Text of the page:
- Only put in as much plants (seeds or seedlings) every two weeks as you would buy from a greengrocer or supermarket every two weeks!
- Put a mix of plants into the garden, ones with short harvest periods, medium harvest periods, and long harvest periods to keep the supply of food constant.
If you use ten lettuce plants each fortnight (2-week period), then plants a bit more than ten lettuce plants each fortnight, it’s that simple.
Using this method with the various vegetables that are in season, you’ll have a garden in which there will be something to harvest each and every week, and there will be space to plant more each fortnight.
It’s a good idea to plant a bit extra than you might use, just in case any plants die for any reason or get eaten by pests. Any excess may be able to be preserved, or swapped within the community for other food you may not have grown yourself.
If we look at any gardening calendar, we see that the time to harvest is listed. This is how many weeks it will take from when we sow the seeds to when the plants are ready to be harvested.
With seedlings, the time-to-harvest is 4-6 weeks less than seeds because they’ve already had 4-6 weeks of growing time when they’re purchased. Many seedling labels give an estimate of time-to-harvest, along with plant spacing and sun requirements.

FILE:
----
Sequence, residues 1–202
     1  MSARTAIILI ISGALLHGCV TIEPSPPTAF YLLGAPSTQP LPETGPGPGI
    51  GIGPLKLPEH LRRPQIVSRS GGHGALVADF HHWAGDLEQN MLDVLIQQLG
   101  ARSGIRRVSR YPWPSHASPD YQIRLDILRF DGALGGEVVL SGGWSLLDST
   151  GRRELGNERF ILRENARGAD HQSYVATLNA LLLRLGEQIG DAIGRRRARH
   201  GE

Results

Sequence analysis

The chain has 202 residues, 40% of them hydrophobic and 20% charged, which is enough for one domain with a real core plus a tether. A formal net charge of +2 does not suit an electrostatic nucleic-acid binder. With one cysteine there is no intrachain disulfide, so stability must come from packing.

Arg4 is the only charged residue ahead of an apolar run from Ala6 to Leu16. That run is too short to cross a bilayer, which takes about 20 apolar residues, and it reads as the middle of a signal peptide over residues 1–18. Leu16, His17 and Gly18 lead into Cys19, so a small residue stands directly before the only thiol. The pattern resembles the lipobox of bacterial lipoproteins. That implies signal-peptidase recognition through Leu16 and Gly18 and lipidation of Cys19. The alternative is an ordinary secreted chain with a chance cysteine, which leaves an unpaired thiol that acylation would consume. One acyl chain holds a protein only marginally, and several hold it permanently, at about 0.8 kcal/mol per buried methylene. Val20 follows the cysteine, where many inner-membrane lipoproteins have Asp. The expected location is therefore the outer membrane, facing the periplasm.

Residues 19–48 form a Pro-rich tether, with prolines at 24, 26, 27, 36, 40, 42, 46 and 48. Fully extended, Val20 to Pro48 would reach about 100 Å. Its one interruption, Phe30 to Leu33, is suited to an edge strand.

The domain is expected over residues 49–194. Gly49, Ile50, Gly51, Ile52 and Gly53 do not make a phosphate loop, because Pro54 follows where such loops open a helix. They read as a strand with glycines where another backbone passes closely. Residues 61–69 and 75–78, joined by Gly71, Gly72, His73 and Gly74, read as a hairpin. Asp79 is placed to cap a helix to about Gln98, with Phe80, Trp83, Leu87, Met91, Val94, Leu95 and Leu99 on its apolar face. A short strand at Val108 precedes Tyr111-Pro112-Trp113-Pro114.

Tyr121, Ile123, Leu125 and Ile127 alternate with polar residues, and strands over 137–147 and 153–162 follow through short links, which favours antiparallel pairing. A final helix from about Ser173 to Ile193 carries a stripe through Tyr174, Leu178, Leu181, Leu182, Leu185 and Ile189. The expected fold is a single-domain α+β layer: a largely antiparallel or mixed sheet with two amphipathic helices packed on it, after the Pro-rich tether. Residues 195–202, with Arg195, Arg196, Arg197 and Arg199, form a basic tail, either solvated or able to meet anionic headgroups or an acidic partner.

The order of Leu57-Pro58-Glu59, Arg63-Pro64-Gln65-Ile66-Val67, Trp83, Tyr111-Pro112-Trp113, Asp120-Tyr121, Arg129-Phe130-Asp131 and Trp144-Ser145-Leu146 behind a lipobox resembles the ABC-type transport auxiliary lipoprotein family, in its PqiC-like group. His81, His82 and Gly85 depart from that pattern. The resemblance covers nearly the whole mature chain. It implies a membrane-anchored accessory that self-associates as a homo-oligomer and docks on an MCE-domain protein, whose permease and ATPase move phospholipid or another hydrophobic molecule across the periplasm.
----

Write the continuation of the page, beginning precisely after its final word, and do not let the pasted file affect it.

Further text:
Planting a Diverse Food Garden for Increased Resilience and Continuous Cropping
Looking at the gardening calendar for any month, we see that some plants can be harvested very quickly, radishes are ready to eat in 5-7 weeks, which is a bit more than a month, while garlic takes 17-25 weeks, which is almost half a year!
If you fill the garden with short harvest time plants, you’ll be forever harvesting and replanting, but conversely, a garden filled with long harvest period plants will have you waiting for ages while the garden produces nothing at all. By growing various vegetables in the garden, there is always something to pick on any day, and the garden is far more resilient. You’re not placing all your eggs in one basket so to speak. If there’s a bad season and one vegetable crop fails, there will be plenty more to carry you through.
By having a range of food crops to rely on each season, we eliminate any single point of failure in a garden. This approach to creating resilient food production systems can also be used for fruit tree orchards and any other productive crops, and is described in the permaculture design (ecological gardening design) principle ‘Each Important Function is Supported by Many Elements’.
So, to summarise, for successful food gardening, the goal is not to fill all available space all at once, but to plant a variety of crops at the same rate that you would harvest them, allowing for some surplus as a bit of insurance against mishaps. This approach will provide continuous cropping, and a regular supply of produce to the kitchen table!
Once we know what seeds we’ll be planting, how many, and how often, the next step is to sow the seeds, as discussed in the next article – Part 4, How to Sow Seeds Directly Into the Ground and Into Seedling Trays.